I am a recent college grad residing in California with little money to put towards real estate. This is the main reason that I've gotten discouraged in the past, but now I am trying to find a solution to overcome this! So, how can someone in my position get started in multifamily real estate with minimal funds? I would eventually like to be a syndicator on large, out of state multifamily properties, but I need to build my experience up in order to attract investors and for brokers to take me seriously. What are some strategies that people use to build the necessary capital to get involved in real estate? From the reading that I've done, it looks like whole selling is a good option to build capital, while also learning the different aspects to the REI game. Does anyone have any thoughts or things that I should be aware of before going into whole selling?I would also like to get involved with one of the coaching programs (Rod Khleif for example), but simply do not have the money for these types of programs at the moment. Furthermore, I feel that I still have a lot of research/learning to do on my own prior to paying for a coach.
If anyone has had a similar experience, I would love to hear about how you tackled this obstacle!
Welcome @Jeremy Mims My advice would be to Change your mindset, and save every penny you can so you can purchase that first property. Get creative, and stop worrying about spending money on coaching programs.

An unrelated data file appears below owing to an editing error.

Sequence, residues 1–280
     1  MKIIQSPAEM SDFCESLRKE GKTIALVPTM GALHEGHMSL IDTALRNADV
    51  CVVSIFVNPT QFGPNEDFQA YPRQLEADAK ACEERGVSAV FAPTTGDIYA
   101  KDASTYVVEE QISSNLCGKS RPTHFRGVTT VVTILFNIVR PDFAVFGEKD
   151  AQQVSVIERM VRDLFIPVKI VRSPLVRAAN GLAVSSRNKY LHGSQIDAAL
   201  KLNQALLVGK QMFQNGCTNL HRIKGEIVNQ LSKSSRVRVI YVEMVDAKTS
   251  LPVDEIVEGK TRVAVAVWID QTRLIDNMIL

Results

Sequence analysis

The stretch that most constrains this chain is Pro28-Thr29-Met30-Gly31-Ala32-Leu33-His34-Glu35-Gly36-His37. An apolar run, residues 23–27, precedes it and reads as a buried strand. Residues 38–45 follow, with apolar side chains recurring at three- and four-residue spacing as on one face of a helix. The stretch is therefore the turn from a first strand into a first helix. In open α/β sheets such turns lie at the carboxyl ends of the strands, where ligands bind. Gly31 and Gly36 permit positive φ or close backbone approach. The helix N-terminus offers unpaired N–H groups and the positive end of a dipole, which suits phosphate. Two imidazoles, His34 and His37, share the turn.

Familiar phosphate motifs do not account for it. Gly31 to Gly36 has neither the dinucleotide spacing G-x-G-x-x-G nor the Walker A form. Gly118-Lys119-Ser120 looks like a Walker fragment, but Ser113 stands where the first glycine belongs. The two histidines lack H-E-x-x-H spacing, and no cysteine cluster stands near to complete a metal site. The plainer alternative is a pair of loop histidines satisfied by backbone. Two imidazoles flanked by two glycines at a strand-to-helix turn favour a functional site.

Before I purchased my most recent project, I would take old tools from yard sales, clean them up and sell them on ebay. This was my "cushion" money just in case I couldn't get rent from one of the tenants.
Funny story: I bought a vintage Norton sharpening stone for a $1 once at a yard sale. I put it on ebay and it sold for $785 to some guy in Sweden I believe. He used it to sharpen his axes for those big competitions you see on tv. I had no idea, I was expecting $40 max.
Good luck on your RE adventure!
@Jeremy Mims Welcome to BP. I think wholesaling is a great way to start with little capital needed for it. And a good way to build up cash needed to invest. In terms of learning, you can do some of it for free by reading books, listening to podcasts - BP & others, as well as by networking with like-minded investors locally at REI clubs found via meetup and BP.
If you need book recommendations, start with Steve Berges book on apartment investing and David Lindahl book on multifamily millions. Need more recommendations - PM me for my library link.
Best of luck!